Posts tagged: BMC Medicine

OA: it’s not just about the access

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It has been over a decade since the launch of the first major open access (OA) journals by  BioMed Central and PLoS, but controversies still  surround the field. Many of these concern the legitimacy of some of the many open access journals that are now available. Of these, a subset of OA journals have collectively been termed ‘predatory’ due to their questionable publication practices. As with every new business model, there are people who try to exploit it, and it is important to know who to trust and how to identify the miscreants. In this blog, I want to continue that discussion about how you - as readers, researchers and prospective authors -  can know which journals to …

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The prostate cancer debate: pros & cons of screening and preventive drugs

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Prostate cancer is the most common cancer in men, with over 40,000 new cases diagnosed in the UK every year. There is intense debate over whether men should undergo regular prostate-specific antigen (PSA) testing, as outlined in our previous blog post, and clinical trials have come to opposing conclusions about whether PSA screening saves lives or causes unnecessary harm. On one hand, the European Randomized Study of Screening for Prostate Cancer (ERSPC) showed that routine PSA testing reduced the risk of dying from prostate cancer by around 20%, whereas the Prostate, Lung, Colorectal and Ovarian (PLCO) Cancer Screening Trial found that regular PSA screening did not lead to fewer prostate cancer deaths.

Could stratified screening

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The unintended effects of statins

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This is a guest post from the authors of a paper on statins published on Saturday in BMC Medicine. Statins have hit the headlines a lot over the last few weeks. Here, the authors take us through the findings of their review and analysis into the unintended effects of these drugs.

Statins are widely used in clinical practice and their efficacy for secondary prevention of cardiovascular diseases (CVD) is well founded, but their expanding use in primary prevention in low-risk individuals has to be balanced against the risk of potential unintended effects. This assumes particular importance since the new draft guidance from the National Institute for Health and Care Excellence (NICE) recommends lowering the 10-year risk threshold for considering …

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How 1.3 million women are transforming our understanding of lifestyle factors that affect our health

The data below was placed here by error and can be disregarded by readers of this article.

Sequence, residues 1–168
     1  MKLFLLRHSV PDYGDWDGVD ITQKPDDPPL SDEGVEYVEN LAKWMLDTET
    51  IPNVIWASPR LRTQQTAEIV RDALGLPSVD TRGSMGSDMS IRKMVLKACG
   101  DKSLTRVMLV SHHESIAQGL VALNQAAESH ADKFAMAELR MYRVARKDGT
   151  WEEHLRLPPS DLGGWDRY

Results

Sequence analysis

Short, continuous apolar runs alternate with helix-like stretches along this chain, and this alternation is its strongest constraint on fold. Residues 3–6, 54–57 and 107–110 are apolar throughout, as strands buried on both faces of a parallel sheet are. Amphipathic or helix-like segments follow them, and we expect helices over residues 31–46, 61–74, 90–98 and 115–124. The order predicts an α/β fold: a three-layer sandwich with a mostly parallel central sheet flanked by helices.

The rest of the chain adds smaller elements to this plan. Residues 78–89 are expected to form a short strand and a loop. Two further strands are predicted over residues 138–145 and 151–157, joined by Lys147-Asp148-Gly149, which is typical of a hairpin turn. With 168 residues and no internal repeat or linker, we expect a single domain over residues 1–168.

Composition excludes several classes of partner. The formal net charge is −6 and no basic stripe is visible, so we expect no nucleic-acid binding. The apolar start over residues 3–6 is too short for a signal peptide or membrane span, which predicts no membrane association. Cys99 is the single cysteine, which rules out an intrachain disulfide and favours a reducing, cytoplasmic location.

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“The purpose of life is to contribute in some way to making things better.”
Robert F. Kennedy

We’re often told in one way or another that the actions we take can make a difference – voting in elections, turning the light switch off to save energy. If you’re anything like me, then you’ll have had your doubts about just how true that really is. Will I really affect pollution levels and climate change if I don’t own a car? Will my vote in the election really make any difference?

It’s doubts like these that make me grateful for evidence that shows just how much collective power individuals can have. Evidence like the Million Women Study, which has again been in …

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How is healthcare becoming more individualized?

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Last week, we took a look at how mobile healthcare apps can personalize healthcare in our blog post. While such apps represent an innovative way of measuring data and incentivizing a healthy lifestyle, there are also many other approaches to patient-tailored medicine that are currently being explored in the clinic.

In our podcast featured in Biome magazine and accompanying forum article in BMC Medicine, Daniel Hayes discusses the development of targeted therapy  in oncology, where treatments such as trastuzumab – an antibody drug against the HER2 protein – are given to those with certain cancer subtypes. Hayes emphasizes that genomic sequencing and “big data” approaches using electronic medical records will pave the …

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Innovation versus regulation in mobile health technology